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Old 29th Jun 2017, 4:35 am   #217
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Default Re: 807 (maybe) amplifier build. Now EL34

All is well. had a play yesterday by starting out swapping over the OP's off the cathode followers. AHHHG! Hideous OP sine (video on way) What the? So I sat down with a rough schematic adding the sine phase at each stage. After some thought I sussed, as Howard suggested it comes down to the phase splitter. One grid is grounded, it is this grid's relationship, or rather the same triodes anode to the grounded OPT secondary that is causing the grief.

To save difficult unsoldering, for test purposes I swapped the OPT sec taps around, IE black 0v became signal out positive, 8 ohm tap became 0v/ground. Cutting a long story short applied NFB no bother. What is more encouraging is that there is is no instability at all with NFB applied.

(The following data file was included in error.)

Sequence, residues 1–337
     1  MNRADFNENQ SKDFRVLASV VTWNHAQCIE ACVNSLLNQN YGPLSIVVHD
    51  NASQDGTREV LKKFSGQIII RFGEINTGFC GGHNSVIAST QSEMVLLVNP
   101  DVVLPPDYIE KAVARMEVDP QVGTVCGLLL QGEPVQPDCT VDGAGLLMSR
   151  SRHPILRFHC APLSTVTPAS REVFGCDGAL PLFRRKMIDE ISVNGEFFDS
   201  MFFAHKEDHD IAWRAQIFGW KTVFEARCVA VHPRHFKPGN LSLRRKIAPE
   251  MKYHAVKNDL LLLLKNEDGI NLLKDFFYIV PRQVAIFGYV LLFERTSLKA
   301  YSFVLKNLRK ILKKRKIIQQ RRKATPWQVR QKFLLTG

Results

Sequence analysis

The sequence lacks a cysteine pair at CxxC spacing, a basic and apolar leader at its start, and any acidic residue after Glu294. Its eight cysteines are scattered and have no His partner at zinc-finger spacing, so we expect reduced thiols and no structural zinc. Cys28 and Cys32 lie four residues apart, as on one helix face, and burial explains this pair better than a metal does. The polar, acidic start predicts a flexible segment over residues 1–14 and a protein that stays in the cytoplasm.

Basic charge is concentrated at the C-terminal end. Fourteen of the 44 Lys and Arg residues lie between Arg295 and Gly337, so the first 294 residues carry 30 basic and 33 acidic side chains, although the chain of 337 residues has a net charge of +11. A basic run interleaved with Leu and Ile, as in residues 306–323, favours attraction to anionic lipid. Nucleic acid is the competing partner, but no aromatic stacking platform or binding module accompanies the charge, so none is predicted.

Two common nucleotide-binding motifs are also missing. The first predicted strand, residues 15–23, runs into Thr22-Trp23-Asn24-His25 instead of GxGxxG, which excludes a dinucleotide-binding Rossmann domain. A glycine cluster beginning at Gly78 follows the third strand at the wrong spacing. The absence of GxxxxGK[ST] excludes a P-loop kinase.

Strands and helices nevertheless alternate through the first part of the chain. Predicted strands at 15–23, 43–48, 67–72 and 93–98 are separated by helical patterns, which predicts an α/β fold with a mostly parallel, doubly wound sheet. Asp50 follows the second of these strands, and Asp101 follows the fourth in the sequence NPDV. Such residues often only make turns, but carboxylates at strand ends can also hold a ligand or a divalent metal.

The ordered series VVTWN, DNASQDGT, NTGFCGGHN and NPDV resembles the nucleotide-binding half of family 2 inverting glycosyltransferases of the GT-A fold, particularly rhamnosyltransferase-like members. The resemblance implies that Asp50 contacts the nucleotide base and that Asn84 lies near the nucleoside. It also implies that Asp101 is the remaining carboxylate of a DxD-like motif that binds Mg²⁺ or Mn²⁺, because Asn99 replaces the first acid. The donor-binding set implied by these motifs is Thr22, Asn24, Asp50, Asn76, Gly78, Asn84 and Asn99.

There's more to do though. I noticed that THD wasn't greatly reduced for quite a bit of a reduction in power OP. THD is less than 1% with open loop gain at normal listening levels rising to 2% THD at 105w OP, not bad. I realise these are only rough figures. Frequency response is pretty flat from 100hz to 12khz and squarewave reproduction is good.

Stability is actually very good with NFB applied. I'm afraid the maths approach is beyond me at present, try as I might I can't understand it David. I'd need to take 0 or A level maths before getting to grips with those equations. Talking to someone about this, they said finding the transfer function of an amplifier is a can of worms in itself.